Are there physiological and biochemical adaptations of metabolism in deep-sea animals?

Trends Ecol Evol. 1995 Jan;10(1):30-6. doi: 10.1016/s0169-5347(00)88957-0.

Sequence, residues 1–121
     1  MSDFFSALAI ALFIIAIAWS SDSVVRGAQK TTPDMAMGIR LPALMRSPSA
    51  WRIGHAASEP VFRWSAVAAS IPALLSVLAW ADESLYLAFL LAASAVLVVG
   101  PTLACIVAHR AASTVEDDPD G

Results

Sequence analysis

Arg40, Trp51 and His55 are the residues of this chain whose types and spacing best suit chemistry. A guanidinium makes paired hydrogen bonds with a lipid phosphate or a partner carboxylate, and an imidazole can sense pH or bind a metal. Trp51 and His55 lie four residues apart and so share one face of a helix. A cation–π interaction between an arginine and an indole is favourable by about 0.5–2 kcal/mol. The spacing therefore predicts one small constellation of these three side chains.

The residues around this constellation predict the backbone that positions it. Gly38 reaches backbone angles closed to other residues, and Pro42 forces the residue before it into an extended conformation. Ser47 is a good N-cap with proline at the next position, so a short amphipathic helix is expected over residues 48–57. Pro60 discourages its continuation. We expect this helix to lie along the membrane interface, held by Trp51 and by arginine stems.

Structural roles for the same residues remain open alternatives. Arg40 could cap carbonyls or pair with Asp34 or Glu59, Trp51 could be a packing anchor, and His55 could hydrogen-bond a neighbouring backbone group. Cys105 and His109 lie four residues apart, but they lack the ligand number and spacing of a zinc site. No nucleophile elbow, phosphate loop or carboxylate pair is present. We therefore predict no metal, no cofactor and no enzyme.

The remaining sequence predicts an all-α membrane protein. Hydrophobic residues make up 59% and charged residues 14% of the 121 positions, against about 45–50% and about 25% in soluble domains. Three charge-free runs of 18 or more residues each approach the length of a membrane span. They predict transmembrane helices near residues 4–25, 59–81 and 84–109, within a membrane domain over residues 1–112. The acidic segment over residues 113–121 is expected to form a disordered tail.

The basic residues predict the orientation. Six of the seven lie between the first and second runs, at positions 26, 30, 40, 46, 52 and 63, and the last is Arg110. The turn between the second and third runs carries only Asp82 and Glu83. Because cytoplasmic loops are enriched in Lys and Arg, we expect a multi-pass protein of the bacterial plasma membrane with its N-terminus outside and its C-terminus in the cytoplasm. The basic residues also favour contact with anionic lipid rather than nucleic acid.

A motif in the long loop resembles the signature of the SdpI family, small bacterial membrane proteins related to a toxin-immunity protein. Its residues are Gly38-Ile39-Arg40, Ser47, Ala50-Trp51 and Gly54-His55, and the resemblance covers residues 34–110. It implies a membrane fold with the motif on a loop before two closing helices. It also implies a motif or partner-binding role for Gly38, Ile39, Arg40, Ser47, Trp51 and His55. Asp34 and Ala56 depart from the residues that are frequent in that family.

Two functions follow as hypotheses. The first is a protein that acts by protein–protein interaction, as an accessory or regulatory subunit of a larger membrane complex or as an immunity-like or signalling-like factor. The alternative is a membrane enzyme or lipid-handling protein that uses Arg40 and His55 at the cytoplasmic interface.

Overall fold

From the earliest observations of deep-sea animals, it was obvious that they differed in many ways from shallower-living relatives. Over the years, there has been speculation that deep-sea animals have unusually low rates of biological activity; numerous adaptive scenarios explaining this have ben offered. However, these speculations and scenarios have rarely been tested due to the difficulty of data collection and the inevitable confounding of a number of major variables which covary with depth. In recent years, study of the metabolic properties of animals of several phyla from widely differing deep-sea habitats, including the hydrthermal vents, has made it possible, using comparative approaches, to test hypotheses concerning the metabolic adaptations of deep-sea animals.